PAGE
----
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Wages growth reaches unsustainable level: Mousina

The quarterly Wage Price Index (WPI) jumped by 1.3% to 4% in September, beating inflation, but AMP deputy chief economist Diana Mousina says it's not economically sustainable.

According to the Australian Bureau of Statistics (ABS), September's 4% WPI represents a 26-year high not observed since the March quarter of 2009.

Speaking to Financial Standard, Mousina said the noticeable increase resulted from a tight labour market and the Fair Work Commission's decision to uplift the minimum award wage significantly.

"The unemployment rate has remained around a 48-year low, pretty much all year, which is an incredible outcome," she noted.

"Further, the Fair Work Commission's decision impacts quite a lot of industries, not just in the public service, not just in aged care or hospitality. So, if you're on an award or an enterprise bargaining agreement (EBA), you were impacted by those decisions in June."

Over half of the Aussie workforce is on an award, EBA or minimum wage.

"It does end up being like 65% of the workforce. So, about 35% is on individual agreements, which is why the decisions by the Fair Work Commission are so important in terms of the signalling impact they have on the rest of the market," she said.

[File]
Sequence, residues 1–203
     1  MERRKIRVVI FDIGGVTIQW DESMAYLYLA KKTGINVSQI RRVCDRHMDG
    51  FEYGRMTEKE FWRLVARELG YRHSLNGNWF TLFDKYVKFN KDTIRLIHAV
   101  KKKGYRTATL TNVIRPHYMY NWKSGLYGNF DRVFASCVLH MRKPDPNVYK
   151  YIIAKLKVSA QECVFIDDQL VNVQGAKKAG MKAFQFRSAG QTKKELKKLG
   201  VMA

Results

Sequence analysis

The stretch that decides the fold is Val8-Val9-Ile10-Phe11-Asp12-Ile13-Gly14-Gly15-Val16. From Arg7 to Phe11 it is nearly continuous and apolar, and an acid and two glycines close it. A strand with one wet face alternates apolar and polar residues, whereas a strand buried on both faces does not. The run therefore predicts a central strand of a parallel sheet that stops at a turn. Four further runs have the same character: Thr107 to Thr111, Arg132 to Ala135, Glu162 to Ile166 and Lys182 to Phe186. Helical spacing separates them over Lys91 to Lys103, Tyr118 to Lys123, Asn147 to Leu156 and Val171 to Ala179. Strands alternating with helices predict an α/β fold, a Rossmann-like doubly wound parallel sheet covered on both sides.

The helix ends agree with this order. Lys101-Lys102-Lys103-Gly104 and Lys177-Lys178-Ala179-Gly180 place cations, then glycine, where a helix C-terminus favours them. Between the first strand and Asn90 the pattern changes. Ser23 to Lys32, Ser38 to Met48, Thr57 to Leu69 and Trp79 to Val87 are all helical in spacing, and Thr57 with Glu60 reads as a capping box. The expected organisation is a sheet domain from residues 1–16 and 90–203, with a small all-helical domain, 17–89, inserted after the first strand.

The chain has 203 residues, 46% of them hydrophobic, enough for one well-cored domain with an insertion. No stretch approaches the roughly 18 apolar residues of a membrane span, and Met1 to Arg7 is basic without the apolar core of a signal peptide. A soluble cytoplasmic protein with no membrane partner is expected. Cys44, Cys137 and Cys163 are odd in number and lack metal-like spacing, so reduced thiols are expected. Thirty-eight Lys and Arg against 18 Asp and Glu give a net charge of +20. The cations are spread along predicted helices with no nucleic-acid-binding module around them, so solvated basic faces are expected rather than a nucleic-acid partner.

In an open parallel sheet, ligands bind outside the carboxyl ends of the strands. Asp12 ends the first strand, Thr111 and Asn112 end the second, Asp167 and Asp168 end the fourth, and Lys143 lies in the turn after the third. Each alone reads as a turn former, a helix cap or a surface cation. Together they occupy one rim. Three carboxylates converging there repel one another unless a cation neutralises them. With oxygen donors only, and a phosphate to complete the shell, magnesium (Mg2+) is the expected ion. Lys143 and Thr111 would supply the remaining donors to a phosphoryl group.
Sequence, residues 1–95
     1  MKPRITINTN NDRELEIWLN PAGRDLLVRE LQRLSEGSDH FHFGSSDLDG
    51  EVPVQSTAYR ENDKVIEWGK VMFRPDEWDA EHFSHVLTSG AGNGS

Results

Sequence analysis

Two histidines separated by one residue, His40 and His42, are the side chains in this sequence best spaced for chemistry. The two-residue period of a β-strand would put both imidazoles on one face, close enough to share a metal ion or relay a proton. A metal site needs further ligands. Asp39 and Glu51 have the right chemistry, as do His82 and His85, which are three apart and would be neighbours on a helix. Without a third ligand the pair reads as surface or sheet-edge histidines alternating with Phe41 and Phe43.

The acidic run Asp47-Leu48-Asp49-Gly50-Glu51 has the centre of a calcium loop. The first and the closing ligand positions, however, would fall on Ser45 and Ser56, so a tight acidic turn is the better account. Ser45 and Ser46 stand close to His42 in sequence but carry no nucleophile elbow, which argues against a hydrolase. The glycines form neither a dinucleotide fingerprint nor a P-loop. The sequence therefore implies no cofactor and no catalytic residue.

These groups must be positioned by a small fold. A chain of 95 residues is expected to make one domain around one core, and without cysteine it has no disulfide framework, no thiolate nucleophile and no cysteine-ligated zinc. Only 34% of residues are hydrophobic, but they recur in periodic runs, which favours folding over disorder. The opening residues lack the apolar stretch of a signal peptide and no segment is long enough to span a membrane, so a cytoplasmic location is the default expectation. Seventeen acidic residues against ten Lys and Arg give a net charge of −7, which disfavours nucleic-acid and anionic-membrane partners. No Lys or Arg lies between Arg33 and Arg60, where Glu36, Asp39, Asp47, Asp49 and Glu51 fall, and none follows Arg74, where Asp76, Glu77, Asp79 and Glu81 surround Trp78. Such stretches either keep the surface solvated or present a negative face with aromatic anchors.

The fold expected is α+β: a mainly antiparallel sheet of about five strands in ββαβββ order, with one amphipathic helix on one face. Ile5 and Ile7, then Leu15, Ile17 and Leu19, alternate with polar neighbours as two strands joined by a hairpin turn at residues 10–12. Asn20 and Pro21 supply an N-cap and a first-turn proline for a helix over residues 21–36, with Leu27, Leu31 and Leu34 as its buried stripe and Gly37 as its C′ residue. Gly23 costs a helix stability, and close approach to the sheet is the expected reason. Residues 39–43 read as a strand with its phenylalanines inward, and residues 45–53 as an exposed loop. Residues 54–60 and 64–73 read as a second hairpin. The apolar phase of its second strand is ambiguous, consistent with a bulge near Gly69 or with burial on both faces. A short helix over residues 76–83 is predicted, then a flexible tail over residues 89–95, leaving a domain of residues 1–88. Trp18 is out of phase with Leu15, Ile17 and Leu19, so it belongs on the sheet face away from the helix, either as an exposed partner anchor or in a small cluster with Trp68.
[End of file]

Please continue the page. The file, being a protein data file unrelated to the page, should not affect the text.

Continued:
Despite the record high, real wage growth remains in negative territory.

"Before the pandemic, we struggled to grow wages above 2%. At that time, inflation was slightly higher than that," she explained.

"Before the pandemic, the issue was that we had massive unemployment, so the unemployment rate was high. You didn't see as much wage pressure, and that was the problem."

However, Mousina said it's essential to remember that the current high inflation rate will only last for a while.

"So real wages growth will eventually improve as you see inflation come down. And that's why real wages growth becomes positive on the quarterly data," she explained.

She noted the positive aspect of wage growth responding to the tight labour market. However, it should continue to track or surpass inflation closely.

"You want to see wages growth running at about 3-3.5% per annum - that is considered sustainable," she explained.

Mousina said that when accounting for factors such as Australia's low productivity growth, the aim is to avoid a substantial surge in unit labour costs and an ongoing cycle where wage growth matches boosted inflation.

"That will lead to more inflation down the track because people start demanding wage gains in line with inflation. The problem is that it can lead to wage price spirals," she said.

"I understand the sentiment that we've been in this tough environment for a year, and people have seen high rates of inflation, so they want to be compensated for that, but in the long term, it's not sustainable for the economy to maintain wages growth at 4%."

As per today's ABS data, the unemployment rate rose by 0.2% to 3.7% in October. The change was accompanied by a net increase of 55,000 individuals employed, while the number of unemployed individuals also saw an uptick, rising by 28,000.

Read more: Fair Work CommissionDiana MousinaWage Price IndexAustralian Bureau of StatisticsFinancial Standard